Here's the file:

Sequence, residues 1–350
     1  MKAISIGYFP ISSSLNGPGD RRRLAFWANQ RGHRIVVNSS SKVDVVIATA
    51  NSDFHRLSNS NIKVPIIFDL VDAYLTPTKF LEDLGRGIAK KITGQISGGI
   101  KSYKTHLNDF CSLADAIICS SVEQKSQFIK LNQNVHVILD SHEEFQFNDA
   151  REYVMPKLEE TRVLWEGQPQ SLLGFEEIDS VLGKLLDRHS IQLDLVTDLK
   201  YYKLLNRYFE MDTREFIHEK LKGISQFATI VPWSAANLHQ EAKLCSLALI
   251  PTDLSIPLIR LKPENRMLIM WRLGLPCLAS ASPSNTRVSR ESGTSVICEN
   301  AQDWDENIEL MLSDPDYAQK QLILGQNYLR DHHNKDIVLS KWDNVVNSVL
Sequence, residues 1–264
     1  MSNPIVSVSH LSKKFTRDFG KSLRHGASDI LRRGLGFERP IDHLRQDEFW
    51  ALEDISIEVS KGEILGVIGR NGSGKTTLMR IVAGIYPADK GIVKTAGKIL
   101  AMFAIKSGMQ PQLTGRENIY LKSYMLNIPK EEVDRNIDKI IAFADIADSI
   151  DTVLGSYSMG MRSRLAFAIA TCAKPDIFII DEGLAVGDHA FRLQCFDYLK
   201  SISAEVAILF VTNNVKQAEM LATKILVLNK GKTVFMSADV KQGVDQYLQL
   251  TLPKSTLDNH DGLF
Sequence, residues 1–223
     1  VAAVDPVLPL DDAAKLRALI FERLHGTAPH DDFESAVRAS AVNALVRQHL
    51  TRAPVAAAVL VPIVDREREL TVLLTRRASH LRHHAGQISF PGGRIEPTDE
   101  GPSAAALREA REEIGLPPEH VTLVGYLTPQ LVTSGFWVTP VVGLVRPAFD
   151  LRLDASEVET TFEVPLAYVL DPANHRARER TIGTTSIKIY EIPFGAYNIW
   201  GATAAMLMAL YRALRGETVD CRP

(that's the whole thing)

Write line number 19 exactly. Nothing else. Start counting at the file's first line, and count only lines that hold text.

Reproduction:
   101  GPSAAALREA REEIGLPPEH VTLVGYLTPQ LVTSGFWVTP VVGLVRPAFD